“That began from making an application that would enable you to control the map on your PC screen using the map on your iPhone screen. I played around by putting my laptop in a corner of the office and going to the furthest end of the building to see if I could still move the maps on my laptop screen with my iPhone. At the time, I had no idea what kind of uses this technology could have, but my coworkers all told me it was interesting and that I should try applying it to car navigation systems. From there, it was decided to show it to DENSO headquarters and research proceeded quickly.”

― I see. So the seeds of research inspiration exist in everyday life.

“I never began anything by thinking, “Okay, research time!” The desire to create something interesting comes first and then it becomes necessary to explore the essence, read research papers, and carry out experiments. In my case, in addition to research, I also do planning and sales.”

― That’s amazing. I’ve never heard of a researcher who did that much on their own.

“It’s not that difficult. I’ve even responded to questions about the application I designed and gone to sell it by myself. I believe doing that, even once, will lead to useful skills later. If you’re a researcher or technician, I think you should try it yourself once and you’ll find it interesting. Of course, that’s not suitable for people who are asked to sell or plan products they don’t like.”

― A lot of people imagine researchers and technicians as being difficult to communicate with.

“If you cut off communication because it’s difficult, you lose the ability to be understood. I think it’s a waste if someone carries that handicap with them for the rest of their life. I think that one should try working with people who are good at that sort of thing or think of other ways to handle things.”

iPhone applications developed as a hobby exceed one million downloads.

― Mr Yoshida, I’ve heard that you make your own iPhone applications. Can you give us an example?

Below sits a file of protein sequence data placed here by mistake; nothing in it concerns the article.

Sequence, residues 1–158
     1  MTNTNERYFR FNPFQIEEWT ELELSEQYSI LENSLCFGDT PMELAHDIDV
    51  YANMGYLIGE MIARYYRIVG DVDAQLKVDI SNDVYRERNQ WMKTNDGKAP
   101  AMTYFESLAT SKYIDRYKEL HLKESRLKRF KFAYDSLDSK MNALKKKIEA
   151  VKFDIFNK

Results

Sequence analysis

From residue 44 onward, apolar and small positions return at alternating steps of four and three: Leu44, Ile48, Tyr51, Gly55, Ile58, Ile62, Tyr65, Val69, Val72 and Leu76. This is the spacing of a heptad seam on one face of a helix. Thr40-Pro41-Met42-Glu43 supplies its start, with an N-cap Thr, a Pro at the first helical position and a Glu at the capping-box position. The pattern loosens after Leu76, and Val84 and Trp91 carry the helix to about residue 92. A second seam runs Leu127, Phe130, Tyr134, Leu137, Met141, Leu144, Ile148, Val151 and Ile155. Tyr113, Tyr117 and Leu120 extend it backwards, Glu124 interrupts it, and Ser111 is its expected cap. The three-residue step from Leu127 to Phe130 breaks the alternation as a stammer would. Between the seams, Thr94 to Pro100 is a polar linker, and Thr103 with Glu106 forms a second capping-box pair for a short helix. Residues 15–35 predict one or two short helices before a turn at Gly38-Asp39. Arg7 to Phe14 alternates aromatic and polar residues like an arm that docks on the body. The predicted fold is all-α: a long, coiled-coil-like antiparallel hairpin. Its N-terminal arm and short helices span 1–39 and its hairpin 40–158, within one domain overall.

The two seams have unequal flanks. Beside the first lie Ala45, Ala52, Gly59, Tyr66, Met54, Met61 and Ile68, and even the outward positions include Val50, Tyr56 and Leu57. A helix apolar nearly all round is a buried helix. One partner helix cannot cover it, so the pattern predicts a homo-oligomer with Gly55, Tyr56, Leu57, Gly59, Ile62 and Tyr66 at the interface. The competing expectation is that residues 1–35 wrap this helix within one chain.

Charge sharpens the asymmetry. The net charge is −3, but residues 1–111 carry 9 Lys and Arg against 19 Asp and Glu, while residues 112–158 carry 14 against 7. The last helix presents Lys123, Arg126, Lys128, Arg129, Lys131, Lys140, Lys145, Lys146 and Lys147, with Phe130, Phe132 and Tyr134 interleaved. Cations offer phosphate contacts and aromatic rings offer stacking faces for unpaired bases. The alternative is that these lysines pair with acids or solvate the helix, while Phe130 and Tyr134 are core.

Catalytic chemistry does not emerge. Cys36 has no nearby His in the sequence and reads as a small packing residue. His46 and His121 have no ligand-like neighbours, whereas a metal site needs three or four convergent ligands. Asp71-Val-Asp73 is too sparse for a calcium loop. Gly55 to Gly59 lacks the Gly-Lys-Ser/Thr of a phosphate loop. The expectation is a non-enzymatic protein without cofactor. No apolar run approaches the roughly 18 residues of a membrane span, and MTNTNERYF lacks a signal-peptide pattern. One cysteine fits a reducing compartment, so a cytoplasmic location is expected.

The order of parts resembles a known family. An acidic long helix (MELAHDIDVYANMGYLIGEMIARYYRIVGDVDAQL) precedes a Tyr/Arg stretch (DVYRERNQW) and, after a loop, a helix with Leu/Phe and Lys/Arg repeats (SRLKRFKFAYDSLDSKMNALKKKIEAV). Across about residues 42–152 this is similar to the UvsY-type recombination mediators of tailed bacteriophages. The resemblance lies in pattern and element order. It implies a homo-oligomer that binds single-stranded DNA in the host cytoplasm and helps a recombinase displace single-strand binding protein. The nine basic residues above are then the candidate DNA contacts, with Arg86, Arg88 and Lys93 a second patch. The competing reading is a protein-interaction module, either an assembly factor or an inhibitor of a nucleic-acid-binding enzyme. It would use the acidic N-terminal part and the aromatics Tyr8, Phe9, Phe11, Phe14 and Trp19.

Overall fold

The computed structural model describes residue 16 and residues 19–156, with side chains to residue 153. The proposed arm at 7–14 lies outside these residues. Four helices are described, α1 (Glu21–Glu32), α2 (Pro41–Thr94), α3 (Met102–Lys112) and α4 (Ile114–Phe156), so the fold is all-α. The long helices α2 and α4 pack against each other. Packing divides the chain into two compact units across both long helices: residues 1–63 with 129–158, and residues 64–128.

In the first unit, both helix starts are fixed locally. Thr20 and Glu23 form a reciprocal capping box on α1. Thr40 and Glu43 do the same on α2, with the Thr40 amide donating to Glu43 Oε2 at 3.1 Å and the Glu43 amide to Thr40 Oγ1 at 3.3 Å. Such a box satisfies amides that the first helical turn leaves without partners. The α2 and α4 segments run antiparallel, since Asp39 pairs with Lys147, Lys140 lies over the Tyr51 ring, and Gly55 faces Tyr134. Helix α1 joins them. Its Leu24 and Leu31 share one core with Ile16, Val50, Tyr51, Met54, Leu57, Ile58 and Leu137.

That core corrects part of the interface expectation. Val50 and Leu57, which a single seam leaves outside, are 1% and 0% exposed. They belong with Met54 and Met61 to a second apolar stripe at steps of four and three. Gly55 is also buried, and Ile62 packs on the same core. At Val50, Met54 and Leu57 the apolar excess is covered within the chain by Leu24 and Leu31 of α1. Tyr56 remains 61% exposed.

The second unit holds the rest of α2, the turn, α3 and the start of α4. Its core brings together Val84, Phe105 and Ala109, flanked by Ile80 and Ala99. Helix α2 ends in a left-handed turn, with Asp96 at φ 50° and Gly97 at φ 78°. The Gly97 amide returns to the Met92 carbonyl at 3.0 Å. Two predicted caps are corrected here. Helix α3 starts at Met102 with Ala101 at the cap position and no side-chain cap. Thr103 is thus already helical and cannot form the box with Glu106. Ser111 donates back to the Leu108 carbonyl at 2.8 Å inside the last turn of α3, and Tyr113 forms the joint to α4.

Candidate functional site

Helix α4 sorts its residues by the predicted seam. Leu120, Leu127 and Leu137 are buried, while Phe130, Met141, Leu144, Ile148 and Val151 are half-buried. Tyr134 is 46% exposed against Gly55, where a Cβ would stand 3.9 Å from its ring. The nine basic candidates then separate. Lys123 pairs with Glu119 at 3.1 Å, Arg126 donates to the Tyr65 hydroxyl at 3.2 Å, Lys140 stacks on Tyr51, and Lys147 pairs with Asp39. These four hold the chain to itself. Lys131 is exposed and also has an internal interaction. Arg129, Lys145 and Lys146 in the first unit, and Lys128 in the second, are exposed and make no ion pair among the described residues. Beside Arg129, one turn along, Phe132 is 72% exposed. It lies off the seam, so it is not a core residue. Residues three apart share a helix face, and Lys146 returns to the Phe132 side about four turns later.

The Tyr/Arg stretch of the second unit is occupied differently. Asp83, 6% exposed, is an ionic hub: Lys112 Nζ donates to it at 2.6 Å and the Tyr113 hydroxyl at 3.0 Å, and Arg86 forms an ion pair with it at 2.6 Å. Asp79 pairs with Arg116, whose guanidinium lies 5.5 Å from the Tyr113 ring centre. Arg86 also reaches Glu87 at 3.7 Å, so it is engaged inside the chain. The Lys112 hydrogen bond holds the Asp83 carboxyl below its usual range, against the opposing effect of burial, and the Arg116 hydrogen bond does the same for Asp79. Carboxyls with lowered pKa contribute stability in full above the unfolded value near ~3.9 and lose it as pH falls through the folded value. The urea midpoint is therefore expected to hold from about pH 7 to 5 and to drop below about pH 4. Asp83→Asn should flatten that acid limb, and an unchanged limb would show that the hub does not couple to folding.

“There are several, but the most wellknown was a BBS browser application for 2chan (now known as 5chan, the most famous and traditional BBS in Japan.). I’ve been updating it for nearly ten years now and it has been downloaded more than one million times. I even got asked by a certain company to sell it to them. I chose not to do so.”

― So developing that application is something that you do exclusively in your private time?

“Yes, it’s entirely a hobby.”

― How long does it take to develop?

“A lot of time. When I first began working on it at age 27-28, I would spend all my time on it after coming home from work. I rewrote the code from scratch around four times.”

― The final result is fast and easy on the eye.

“Thanks. In the beginning, I didn’t have a lot of memory to use with the application, so I had to structure it to calculate and display as quickly as possible with the lowest amount of memory consumption possible. These days, I have a lot of memory to use, but at the time, it was very difficult.”

― I’m sure it’s nice to bring your ideas to fruition. I’m jealous.

“I guess it’s work that combines my hobbies and studies. t the very least, I don’t worry about being out of a job (laugh).”

A father of two who takes his children to museums on days off

― What is your typical work day like?